Lieberman claims that if we don't "win" in Iraq, it will be a big victory for Iran. But, as Steve Clemons points out, the government we're fighting to support, the al-Maliki government, has the support of Iran. To the extent "victory" is defined as leaving Iraq in the hands of this Shiite-run, Iran-friendly regime (which is what Lieberman seems to think), it's hard to see Iran being terribly upset by such an outcome. I believe this is what's called a win-win situation, at least from Iran's perspective (from ours it's pretty clearly a lose-lose).

Moreover, it was beyond predictable that the primary beneficiary of our invasion of Iraq would be Iran. Yet I don't remember Joe Lieberman giving this obvious consideration even a moment's thought in the lead up to the Iraq invasion.

Lest my sarcasm be misunderstood, I obviously don't think Lieberman has been consciously trying to help Iran. But there can be no doubt that the policies he has championed have benefited Iran, immeasurably, a fact which makes Lieberman's current lectures about the dangers of Iran all the more exasperating and intolerable.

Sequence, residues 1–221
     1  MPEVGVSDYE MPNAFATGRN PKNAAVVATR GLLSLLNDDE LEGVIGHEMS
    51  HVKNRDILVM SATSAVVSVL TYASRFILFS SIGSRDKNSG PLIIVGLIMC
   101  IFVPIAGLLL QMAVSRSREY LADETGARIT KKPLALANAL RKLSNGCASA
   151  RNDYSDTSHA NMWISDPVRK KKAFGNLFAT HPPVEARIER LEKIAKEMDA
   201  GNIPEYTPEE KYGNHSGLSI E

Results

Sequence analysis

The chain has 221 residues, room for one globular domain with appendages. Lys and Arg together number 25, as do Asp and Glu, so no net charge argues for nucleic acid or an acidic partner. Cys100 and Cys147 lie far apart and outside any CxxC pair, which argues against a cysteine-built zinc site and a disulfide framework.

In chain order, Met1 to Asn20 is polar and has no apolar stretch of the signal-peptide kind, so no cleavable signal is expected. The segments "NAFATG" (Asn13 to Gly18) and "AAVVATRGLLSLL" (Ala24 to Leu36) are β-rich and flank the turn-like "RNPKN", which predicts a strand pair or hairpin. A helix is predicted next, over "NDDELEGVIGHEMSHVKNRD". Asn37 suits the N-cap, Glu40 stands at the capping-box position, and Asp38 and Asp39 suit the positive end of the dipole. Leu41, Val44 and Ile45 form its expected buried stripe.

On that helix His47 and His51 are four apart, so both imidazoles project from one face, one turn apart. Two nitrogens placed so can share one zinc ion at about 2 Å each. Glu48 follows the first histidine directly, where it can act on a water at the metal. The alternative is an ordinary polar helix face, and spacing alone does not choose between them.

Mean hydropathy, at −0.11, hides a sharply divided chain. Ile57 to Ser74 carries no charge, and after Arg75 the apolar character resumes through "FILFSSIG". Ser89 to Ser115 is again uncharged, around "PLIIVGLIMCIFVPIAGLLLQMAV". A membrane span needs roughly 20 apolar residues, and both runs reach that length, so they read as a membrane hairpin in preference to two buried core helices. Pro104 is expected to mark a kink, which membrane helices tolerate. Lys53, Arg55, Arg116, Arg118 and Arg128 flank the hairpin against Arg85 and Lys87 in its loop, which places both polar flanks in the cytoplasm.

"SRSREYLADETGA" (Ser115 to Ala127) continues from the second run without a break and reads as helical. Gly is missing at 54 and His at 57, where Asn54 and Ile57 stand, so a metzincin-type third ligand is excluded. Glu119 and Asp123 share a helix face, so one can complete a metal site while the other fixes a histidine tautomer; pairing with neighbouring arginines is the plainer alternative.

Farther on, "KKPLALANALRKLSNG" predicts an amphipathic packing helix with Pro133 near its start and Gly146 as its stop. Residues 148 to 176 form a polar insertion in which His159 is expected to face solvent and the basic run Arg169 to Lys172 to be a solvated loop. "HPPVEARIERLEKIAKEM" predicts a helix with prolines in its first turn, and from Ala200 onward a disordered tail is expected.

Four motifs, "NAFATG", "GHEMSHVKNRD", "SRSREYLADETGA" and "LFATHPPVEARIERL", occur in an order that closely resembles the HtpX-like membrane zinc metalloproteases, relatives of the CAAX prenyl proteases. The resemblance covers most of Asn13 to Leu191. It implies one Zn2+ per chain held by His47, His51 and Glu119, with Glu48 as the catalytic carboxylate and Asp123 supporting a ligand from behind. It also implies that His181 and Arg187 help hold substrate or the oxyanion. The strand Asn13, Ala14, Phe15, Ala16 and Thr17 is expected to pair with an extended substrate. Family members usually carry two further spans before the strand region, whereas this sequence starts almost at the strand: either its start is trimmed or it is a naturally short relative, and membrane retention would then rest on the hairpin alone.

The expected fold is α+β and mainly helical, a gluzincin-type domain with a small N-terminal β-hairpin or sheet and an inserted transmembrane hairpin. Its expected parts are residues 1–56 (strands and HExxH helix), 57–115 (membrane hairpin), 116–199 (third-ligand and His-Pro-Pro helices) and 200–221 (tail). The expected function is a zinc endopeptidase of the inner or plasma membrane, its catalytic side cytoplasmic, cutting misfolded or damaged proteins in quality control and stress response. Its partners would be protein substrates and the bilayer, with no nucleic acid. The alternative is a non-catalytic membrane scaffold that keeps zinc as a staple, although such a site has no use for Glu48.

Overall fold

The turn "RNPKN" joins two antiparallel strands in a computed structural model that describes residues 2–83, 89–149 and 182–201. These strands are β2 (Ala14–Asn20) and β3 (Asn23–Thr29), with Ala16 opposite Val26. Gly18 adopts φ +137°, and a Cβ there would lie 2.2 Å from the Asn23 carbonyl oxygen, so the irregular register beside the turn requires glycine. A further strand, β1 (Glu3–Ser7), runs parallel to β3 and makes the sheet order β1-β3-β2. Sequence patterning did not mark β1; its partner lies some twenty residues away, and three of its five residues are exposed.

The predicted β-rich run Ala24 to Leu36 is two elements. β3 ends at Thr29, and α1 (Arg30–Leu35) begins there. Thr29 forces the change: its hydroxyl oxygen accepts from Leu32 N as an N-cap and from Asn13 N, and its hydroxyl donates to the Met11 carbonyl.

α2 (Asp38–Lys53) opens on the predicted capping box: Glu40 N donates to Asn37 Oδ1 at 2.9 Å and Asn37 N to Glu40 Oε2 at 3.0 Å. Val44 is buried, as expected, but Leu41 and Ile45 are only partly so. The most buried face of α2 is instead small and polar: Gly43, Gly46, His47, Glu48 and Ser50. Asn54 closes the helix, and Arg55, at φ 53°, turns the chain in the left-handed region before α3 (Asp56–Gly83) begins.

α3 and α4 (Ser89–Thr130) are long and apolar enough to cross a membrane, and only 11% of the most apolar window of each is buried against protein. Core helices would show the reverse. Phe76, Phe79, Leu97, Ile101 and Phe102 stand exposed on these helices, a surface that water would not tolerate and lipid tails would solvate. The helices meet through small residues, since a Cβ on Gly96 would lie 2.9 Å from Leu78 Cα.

Joe Lieberman's declaration of war on Iran

(updated below)

In his Washington Post Op-Ed today, the Great Warrior Joe Lieberman predictably endorsed sending more troops to Iraq, in the process dutifully spouting (as always) every Bush/neoconservative talking point. But Lieberman had a much larger fish to fry with this Op-Ed, as he all but declared war on Iran, identifying them as the equivalent of Al Qaeda, as the Real Enemy we are fighting:

While we are naturally focused on Iraq, a larger war is emerging. On one side are extremists and terrorists led and sponsored by Iran, on the other moderates and democrats supported by the United States. Iraq is the most deadly battlefield on which that conflict is being fought. How we end the struggle there will affect not only the region but the worldwide war against the extremists who attacked us on Sept. 11, 2001.